photo credit: Sage Lau (@consageous) and Manil Shah (@linam97)

FiDi isn’t exactly the Thai food capitol of NYC, so any good Thai restaurant in the neighborhood, like Lil Chef Mama, is notable. Here, you’ll find salads, curries, and noodles common to a lot of Thai places, but focus on the house specials. Try an Honor of the King—a huge omelet filled with chunks of chicken breast topped with peanut sauce, or five spice soup with broad rice noodles and pork belly. The huge dining room has tables that are arranged far apart, so this is a great option if personal space is important to you.

When you walk into the dark, windowless dining room at Farida, a subterranean Central Asian halal restaurant in FiDi, there’s no real way to tell what time of day it is. It's a little like being in a casino that way, but any dish you choose will be a winner. Farida specializes in umka pies, which are little flaky pastries filled with pumpkin, spinach, beef, or chicken, and all of them are great. Both the chicken thigh kebabs and the Uzbek plov with chunks of beef and lamb are recommendable, but if you have to choose one, go for the chicken.

This FiDi spot has a Northwestern Chinese menu that’s almost identical to the one at Xi’an Famous Foods a short walk away, and the food here is just as good. Pick cumin lamb, spicy beef, stewed pork, or cumin chicken, then specify whether you want it in a burger, over rice, stir-fried with noodles, or in a noodle soup. You can get thin rice noodles, but we like the thick flat noodles stir-fried with cumin lamb, or cold noodles with tofu skin. They also have a variety of “mini appetizers” like steamed pork buns and kelp salad (all $3.50), which are useful for when you want to try a few different things in small portions.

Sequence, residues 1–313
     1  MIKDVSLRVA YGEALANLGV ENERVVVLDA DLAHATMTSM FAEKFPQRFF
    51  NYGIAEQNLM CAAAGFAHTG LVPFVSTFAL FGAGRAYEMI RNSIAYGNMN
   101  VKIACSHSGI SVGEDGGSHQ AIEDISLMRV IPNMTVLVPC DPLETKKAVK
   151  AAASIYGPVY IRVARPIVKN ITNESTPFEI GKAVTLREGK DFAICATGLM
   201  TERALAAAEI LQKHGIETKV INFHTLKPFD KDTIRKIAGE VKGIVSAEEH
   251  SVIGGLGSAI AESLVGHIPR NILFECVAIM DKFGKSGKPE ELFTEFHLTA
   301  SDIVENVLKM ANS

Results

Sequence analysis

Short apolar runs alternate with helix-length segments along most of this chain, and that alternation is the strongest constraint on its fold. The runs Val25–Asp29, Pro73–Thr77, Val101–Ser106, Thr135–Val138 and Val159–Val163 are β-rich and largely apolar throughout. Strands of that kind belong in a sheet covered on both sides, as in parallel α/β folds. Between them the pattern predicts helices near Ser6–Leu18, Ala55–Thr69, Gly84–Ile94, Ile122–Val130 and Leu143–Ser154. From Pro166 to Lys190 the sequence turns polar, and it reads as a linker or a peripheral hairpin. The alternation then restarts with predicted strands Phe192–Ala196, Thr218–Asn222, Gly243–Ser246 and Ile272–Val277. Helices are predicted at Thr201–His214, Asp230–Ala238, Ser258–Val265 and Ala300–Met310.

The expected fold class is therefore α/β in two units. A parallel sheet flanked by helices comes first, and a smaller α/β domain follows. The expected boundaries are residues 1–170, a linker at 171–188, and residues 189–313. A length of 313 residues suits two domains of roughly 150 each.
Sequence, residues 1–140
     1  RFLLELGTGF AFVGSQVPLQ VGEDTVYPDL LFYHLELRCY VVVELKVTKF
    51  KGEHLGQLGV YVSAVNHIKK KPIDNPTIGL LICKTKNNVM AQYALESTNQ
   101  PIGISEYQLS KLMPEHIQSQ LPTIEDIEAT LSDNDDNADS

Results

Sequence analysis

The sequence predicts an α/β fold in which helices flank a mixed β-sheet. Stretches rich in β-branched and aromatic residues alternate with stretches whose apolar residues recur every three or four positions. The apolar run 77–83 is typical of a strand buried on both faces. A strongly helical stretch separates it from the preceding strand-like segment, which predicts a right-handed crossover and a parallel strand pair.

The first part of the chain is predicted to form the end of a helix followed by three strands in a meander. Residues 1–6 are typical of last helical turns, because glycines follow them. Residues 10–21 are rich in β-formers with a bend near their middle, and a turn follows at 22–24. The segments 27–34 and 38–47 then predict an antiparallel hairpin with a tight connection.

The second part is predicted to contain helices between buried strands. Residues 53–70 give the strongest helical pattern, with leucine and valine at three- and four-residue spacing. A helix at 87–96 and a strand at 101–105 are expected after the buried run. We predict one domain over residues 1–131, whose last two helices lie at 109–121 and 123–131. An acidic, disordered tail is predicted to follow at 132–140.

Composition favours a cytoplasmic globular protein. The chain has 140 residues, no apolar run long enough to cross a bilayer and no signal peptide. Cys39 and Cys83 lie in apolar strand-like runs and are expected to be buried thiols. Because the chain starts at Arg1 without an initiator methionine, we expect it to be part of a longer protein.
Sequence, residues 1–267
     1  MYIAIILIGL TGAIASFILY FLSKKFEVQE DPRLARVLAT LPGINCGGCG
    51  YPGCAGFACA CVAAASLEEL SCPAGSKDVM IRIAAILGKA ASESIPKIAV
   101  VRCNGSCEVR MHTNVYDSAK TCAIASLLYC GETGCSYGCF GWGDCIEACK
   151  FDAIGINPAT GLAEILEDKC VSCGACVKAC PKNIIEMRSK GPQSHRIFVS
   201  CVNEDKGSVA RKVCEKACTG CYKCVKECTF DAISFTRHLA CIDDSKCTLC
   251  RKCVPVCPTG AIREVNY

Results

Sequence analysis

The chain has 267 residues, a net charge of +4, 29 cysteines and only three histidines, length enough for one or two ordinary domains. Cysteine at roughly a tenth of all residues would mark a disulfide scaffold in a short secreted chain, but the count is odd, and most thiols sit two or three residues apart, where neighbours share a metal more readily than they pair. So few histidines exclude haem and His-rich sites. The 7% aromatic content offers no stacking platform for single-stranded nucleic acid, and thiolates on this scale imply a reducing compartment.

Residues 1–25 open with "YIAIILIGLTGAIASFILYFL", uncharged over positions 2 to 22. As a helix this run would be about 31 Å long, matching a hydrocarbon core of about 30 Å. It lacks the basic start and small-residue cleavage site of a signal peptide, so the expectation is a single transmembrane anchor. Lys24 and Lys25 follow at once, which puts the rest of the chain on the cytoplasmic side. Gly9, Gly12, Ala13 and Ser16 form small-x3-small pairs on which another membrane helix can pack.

Describing Fish Market feels dangerously close to a real-life Stefon run-down of New York’s Hottest Club: It’s a sports bar in the South Street Seaport that serves Chinese and Malaysian food, with a bartender who might give you free shots of Jameson. The menu is huge, with American bar snacks, vaguely Italian pasta plates, and Chinese and Malaysian options. While their traditional bar food is good, we’d recommend going for that last section, which includes things like ginger chicken wings, Mama’s curried chicken, and a pork belly sandwich. Come here with friends who like being in loud places and won’t mind a group in the back having an alcohol-themed birthday party.